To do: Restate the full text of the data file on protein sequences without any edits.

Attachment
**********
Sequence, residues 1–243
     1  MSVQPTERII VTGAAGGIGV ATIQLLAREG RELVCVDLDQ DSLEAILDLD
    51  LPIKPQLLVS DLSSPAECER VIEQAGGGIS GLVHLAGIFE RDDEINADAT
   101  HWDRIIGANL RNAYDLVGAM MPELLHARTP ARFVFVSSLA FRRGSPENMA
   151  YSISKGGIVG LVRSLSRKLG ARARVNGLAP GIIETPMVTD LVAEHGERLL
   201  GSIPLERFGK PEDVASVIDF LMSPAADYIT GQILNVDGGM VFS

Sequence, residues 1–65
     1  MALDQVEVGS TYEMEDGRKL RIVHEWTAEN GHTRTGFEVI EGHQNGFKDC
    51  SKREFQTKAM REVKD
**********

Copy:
Sequence, residues 1–243
     1  MSVQPTERII VTGAAGGIGV ATIQLLAREG RELVCVDLDQ DSLEAILDLD
    51  LPIKPQLLVS DLSSPAECER VIEQAGGGIS GLVHLAGIFE RDDEINADAT
   101  HWDRIIGANL RNAYDLVGAM MPELLHARTP ARFVFVSSLA FRRGSPENMA
   151  YSISKGGIVG LVRSLSRKLG ARARVNGLAP GIIETPMVTD LVAEHGERLL
   201  GSIPLERFGK PEDVASVIDF LMSPAADYIT GQILNVDGGM VFS

Sequence, residues 1–65
     1  MALDQVEVGS TYEMEDGRKL RIVHEWTAEN GHTRTGFEVI EGHQNGFKDC
    51  SKREFQTKAM REVKD